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Workshop #1: Strengthening the Demand Side in Urban Wood Construction

Updated: Mar 12




The workshop's primary goal is to chart the construction segment within the timber value chain system. Through this process, the participants aim to uncover obstacles and limitations faced by key actors, while simultaneously exploring innovative approaches to position timber as a prevalent building material. The workshop places a specific focus on the construction segment, intending to deepen understanding of system dynamics and catalyze transformative processes across the entire value chain, spanning from forest to city.


Date: 13.11.2023 FORUM Architekturgebäude TU Berlin (U Ernst-Reuter-Platz) Intention: We can only answer the questions of climate protection and the housing shortage together. Wood and other renewable raw materials play a key role, although there are social reservations and economic barriers. It is crucial to understand the demand side and identify solutions. With representatives of the fields of architecture, engineering and structural planning, fire protection, wood module production, investment, science and research we use this kick-off meeting as starting point for our workshop series, where arising topics shall be further elaborated and scaleable pathways to solution for the German market developed. Offer: That’s why we shared the latest developments of the Value Chain Digital Model (VCDM). It is used to visualize complex issues and check scenarios. We explored the extent to which ecological and economic factors depend on each other and how they can be integrated more effectively into the process. The aim is to achieve data-driven policymaking, greater transparency within the construction industry and the democratization of information about the built environment. Proceedings: This event took place in cooperation with the research project DiKieHo*, CHORA Berlin. Value Chain Digital Model (VCDM) for pine-based timber construction in Berlin-Brandenburg - DiKieHo - The TU Berlin, together with Fraunhofer IPK and Fraunhofer WKI, are investigating and developing the digital networking of the value chain in urban multi-storey timber construction with the aim of strengthening the sector. This will be specifically examined using the example of the Berlin-Brandenburg region in order to realize the efficient use of regionally available pine wood in construction. This project runs until September 2025.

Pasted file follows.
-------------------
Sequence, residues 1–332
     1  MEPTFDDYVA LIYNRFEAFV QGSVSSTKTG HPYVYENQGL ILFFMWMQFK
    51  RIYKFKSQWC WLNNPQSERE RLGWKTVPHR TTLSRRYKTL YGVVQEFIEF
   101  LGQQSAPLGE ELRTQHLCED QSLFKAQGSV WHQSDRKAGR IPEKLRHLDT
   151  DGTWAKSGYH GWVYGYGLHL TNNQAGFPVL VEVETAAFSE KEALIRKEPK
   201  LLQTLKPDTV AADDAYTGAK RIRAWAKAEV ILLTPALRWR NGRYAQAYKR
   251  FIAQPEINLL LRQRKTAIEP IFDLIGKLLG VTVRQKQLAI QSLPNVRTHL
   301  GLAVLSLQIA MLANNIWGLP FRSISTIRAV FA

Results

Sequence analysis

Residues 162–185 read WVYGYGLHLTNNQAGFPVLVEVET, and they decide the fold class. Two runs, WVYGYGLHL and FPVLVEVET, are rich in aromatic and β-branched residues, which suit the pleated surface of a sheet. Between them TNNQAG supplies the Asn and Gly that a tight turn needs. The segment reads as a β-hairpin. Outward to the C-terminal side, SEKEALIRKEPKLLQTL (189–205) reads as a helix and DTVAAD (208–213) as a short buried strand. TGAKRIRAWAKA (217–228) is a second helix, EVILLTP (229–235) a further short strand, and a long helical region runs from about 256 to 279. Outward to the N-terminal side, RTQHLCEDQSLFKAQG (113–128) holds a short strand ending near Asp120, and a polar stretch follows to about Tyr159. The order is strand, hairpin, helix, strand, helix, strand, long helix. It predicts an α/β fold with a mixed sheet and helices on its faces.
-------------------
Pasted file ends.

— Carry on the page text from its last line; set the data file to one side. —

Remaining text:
Photos: Raquel Gómez Delgado


3 Takeaways


1. Costs and Finances due to Building with Timber: Discussion highlighted concerns regarding the financial aspects of timber construction, including initial costs and long-term financial implications. Potential challenges were identified in securing financing for timber projects, particularly in comparison to conventional construction methods. Recommendations may include exploring innovative financing mechanisms tailored to timber construction projects, such as green financing or incentives for sustainable building practices. Additionally, fostering partnerships with financial institutions to increase awareness of the economic viability and long-term benefits of timber construction could help overcome financial barriers.


2. Questions related to Maintenance of Timber Buildings: Participants raised inquiries regarding the maintenance requirements and longevity of timber buildings. Concerns centered around factors such as durability, decay resistance, and maintenance costs over time. Recommendations may include conducting comprehensive research and providing educational resources to address misconceptions and provide accurate information regarding the maintenance needs of timber structures. Additionally, promoting the use of durable timber species and incorporating protective measures, such as proper sealing and periodic inspections, can enhance the longevity and maintenance efficiency of timber buildings.


3. Lack of Collaboration and Data/Innovation Transfer: The discussion highlighted a lack of collaboration and information sharing within the timber construction industry, hindering innovation and knowledge transfer. Participants emphasized the need for enhanced collaboration among stakeholders, including architects, engineers, manufacturers, and researchers, to foster innovation and drive advancements in timber construction technologies and practices. Recommendations may include establishing collaborative platforms, such as industry networks or knowledge-sharing initiatives, to facilitate exchange and collaboration. Additionally, investing in research and development efforts focused on addressing industry challenges and promoting technology transfer can stimulate innovation and drive progress in the timber construction sector.




We would like to thank all participants for their valuable contributions. The following companies

Organizations were represented:

Präger Richter Architekten

drmm studio

Knippers Helbig

Deimel Oelschläger Architekten

Laborgh Investment

Arche Naturhaus

Brandschutz Akademie Berlin

CHORA conscious city

Technische Universität Berlin

vivi house

Fraunhofer IPK This event takes place as part of a grant from Built by Nature.




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